Despite 'precarious' security situation, aid build-up in Pakistan continues: UN agency

Despite 'precarious' security situation, aid build-up in Pakistan continues: UN agency

Despite a precarious security situation and logistical problems in Pakistan's border areas, a build-up of humanitarian supplies continued today, a spokesman for the United Nations High Commissioner for Refugees (UNHCR) said.

Though the frontier with Afghanistan remained officially closed, several hundred refugees continued to arrive daily, UNHCR spokesman Kris Janowski told reporters at a press briefing in Geneva. However, border monitors for the agency have not reported any large groups of people gathering inside Afghanistan. Some reports suggested that the Taliban had increased its armed presence in the border region, possibly preventing civilians from leaving.

By the end of today, UNHCR will have stockpiled 15,000 tents in its warehouse in the city of Peshawar, enough to shelter up to 80,000 people, Mr. Janowski said. Tents, plastic sheets and blankets were being trucked daily from Peshawar to border crossing points.

Tents were also being trucked from the Pakistani city of Karachi and other places to the southern city of Quetta, which currently has 4,000 tents out of the 20,000 needed to accommodate as many as 100,000 refugees, according to the spokesman.

Work on prospective campsites in Quetta and Peshawar areas was halted following yesterday's violent demonstrations in the two cities, which limited the freedom of movement of UNHCR international staff, Mr. Janowski said. Supplies continued to be moved during the disturbances by mostly local contractors.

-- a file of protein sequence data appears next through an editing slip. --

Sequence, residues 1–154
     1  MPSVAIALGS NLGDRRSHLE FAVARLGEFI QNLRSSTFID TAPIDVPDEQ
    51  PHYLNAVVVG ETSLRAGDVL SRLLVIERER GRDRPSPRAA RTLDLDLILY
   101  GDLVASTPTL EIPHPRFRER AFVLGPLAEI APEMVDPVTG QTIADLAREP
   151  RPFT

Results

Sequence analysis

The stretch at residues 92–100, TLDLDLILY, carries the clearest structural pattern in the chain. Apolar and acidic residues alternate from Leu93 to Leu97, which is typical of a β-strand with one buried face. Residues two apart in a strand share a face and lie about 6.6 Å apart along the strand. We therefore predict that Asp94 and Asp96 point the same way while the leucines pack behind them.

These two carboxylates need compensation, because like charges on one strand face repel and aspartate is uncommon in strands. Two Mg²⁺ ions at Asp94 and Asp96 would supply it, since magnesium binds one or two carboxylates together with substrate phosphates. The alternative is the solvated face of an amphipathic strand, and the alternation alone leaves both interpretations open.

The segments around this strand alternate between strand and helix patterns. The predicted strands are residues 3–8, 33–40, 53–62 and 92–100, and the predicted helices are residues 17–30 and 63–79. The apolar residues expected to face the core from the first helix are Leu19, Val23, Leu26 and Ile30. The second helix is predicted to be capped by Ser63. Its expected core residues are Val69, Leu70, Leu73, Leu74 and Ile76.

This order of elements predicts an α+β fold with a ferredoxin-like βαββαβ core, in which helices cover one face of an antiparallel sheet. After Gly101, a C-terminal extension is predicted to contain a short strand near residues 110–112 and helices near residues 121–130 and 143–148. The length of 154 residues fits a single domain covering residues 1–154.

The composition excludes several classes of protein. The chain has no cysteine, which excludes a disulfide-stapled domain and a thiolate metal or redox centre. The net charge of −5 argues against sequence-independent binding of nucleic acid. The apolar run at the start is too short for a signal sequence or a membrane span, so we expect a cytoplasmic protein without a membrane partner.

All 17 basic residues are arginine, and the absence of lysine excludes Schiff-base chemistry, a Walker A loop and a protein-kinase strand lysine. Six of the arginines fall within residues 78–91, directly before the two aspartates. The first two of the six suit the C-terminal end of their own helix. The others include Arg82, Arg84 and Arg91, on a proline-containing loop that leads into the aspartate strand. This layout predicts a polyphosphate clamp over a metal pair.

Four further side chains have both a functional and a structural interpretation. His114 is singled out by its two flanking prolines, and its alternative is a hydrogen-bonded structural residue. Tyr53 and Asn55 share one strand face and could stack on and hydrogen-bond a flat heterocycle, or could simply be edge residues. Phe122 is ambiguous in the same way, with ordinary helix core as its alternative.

Meanwhile, the World Food Programme (WFP) reported today that two convoys had arrived in the Northwest province and Kabul, while a third was expected in Herat at the end of the week. WFP said there were convoys loaded and ready to move throughout the region as conditions allowed. The UN Children's Fund (UNICEF) said a truck convoy of its own would be sent from Iran into Herat.

In other news, the UN Security Council sanctions committee for Afghanistan has released a list of 11 organizations, 13 individuals and 3 companies that have been added to its consolidated list of individuals and entities associated with Osama bin Laden.

In December 2000, the Council adopted a resolution stipulating that all countries should immediately freeze the funds and other financial assets of Mr. bin Laden and any entities and individuals associated with him, as designated by the Committee. The Committee has twice before drawn up a list of such individuals and groups.

The new additions, approved by the sanctions committee last Saturday, includes the al-Qaida organization, as well as the Abu Sayyaf Group of the Philippines, the Armed Islamic Group of Algeria, the Harakat ul-Mujahidin of Kashmir, the Egyptian Islamic Movement and the Islamic Movement of Uzbekistan.